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The secondary market overview: From bonds to production ... Nowhere to go but up

Mar 01, 2010
Contributing Writer

During the last two weeks of 2009, rates made a pretty significant move upward. We have been warning about potential regarding volatility with regard to the bond market. The past few months before the end of the year were void of this volatility. Despite this, the markets moving significantly should not have caught us by surprise. Many will say that there was very light volume in the markets during these two weeks. Certainly light volume can exacerbate tendencies toward volatility in the short run. However, even if rates move back down, we believe there is a lesson to be learned here. Rates have been at historic lows from late 2008 all through 2009. We know why this phenomenon occurred. The Federal Reserve Board lowered short-term rates and provided massive amounts of liquidity to the system in the face of the credit crisis. However, one should remember that the Fed controls short-term rates. Long-term rates, such as rates on home loans, are subject to the whims of the markets. The Fed even has played a strong hand in the long-end of the market by purchasing massive amounts of mortgage-backed securities (MBS) and Treasuries during 2009. We do know that the Fed cannot keep purchasing our debt forever. Eventually, their influence will wind down in this regard. Indeed it has already been reported that MBS purchases by the Fed have slowed down. When this influence is removed we will again be fully subject to the whims of the markets. So let’s go back to the bond market. As long as the economic news was bad, and it was for most of 2009, the markets stayed in line. But as soon as the news started getting better, there was less of a need for the markets to stay in line in this regard. Basically, when rates are at historic lows, there is nowhere to go but up. We are not saying the move we saw in the past few weeks represented a permanent turn in the market. But eventually that turn will take place. Outside another event that causes a turn for the worse with regard to the credit markets, the economy is on the mend. We always must account for such events—natural disasters, terrorist attacks, a foreign country defaulting on their debt or something else. Any time a major event happens, all trends go out the window. Therefore, we enter the year 2010 with more potential for rates to rise than fall. Rates do not rise in a straight line, and that is what will contribute to volatility. We will continue to see the markets put pressure on rates when there is positive economic news and the Fed trying to beat rates back down so that the recovery does not end prematurely. How does this affect a person on the street? For one, act with a sense of urgency that you need to convey to your prospects. Anyone who is planning to purchase a home should take note of not only these low rates, but also lower home prices and a tax credit that will not last forever. We cannot tell you whether the tax credit will be extended again, but you should act as if there is no chance. Second, stay on top of the markets. If you blink, you could lose thousands of dollars with regard to your pipeline. We asked our expert analyst, Eric Holloman of RateLink, how their company accomplishes this for their clients. Eric said, “We formed RateLink almost two decades ago because we saw the pain suffered by loan officers and clients when the markets went haywire. With new technologies, keeping up is becoming easier. Now many of our clients have chosen to receive instantaneous text messages of market changes so that they can be completely mobile and still not be surprised. Others try to stay online when they are in their offices.” We had so many challenges in 2009. These include, lenders tightening up, home values falling, a spike in unemployment and more. Dealing with rising rates was not one of the challenges. Now, as we move into 2010, it is likely you will deal with this challenge as well. The question is, are you prepared? Dave Hershman is a leading author for the mortgage industry with eight books and several hundred articles to his credit. He is also head of OriginationPro Mortgage School and a top industry speaker. Dave’s Certified Mortgage Advisor Program can be found at If you would like to stay ahead of what is happening in the markets, visit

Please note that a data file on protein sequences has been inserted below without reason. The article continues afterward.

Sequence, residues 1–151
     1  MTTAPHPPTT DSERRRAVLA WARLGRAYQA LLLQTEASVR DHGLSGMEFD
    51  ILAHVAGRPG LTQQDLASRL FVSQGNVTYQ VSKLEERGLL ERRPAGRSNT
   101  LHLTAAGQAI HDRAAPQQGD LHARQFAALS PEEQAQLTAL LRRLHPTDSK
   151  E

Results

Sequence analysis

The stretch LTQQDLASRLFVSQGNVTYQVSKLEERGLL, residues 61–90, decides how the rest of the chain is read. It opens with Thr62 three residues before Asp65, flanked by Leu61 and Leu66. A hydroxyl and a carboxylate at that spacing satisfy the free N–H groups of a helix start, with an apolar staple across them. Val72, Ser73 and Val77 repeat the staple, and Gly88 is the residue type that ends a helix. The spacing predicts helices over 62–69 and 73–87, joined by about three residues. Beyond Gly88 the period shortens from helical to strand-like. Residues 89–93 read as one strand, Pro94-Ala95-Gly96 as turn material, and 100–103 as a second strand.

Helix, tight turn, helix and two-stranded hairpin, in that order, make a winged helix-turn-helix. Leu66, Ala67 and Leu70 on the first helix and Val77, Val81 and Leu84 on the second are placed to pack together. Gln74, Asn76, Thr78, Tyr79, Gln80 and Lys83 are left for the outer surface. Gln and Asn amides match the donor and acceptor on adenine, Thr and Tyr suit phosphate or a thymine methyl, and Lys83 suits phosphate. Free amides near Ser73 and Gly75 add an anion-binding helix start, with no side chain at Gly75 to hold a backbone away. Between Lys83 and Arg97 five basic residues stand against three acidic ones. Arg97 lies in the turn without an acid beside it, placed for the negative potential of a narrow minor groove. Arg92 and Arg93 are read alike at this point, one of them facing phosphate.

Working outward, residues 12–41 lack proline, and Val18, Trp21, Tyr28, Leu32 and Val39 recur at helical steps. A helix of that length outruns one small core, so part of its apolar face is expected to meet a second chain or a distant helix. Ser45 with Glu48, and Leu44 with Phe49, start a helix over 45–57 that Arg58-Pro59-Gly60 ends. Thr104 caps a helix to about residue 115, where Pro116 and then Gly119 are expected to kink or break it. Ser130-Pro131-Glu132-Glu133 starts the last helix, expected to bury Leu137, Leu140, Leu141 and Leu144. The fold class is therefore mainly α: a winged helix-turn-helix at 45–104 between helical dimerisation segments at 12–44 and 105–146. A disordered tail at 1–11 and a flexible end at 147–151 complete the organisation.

About the author
Contributing Writer
Dave Hershman is an author for the mortgage industry with eight books and several hundred articles to his credit. He is also senior vice president of sales for Weichert Financial Services, head of OriginationPro Mortgage School…
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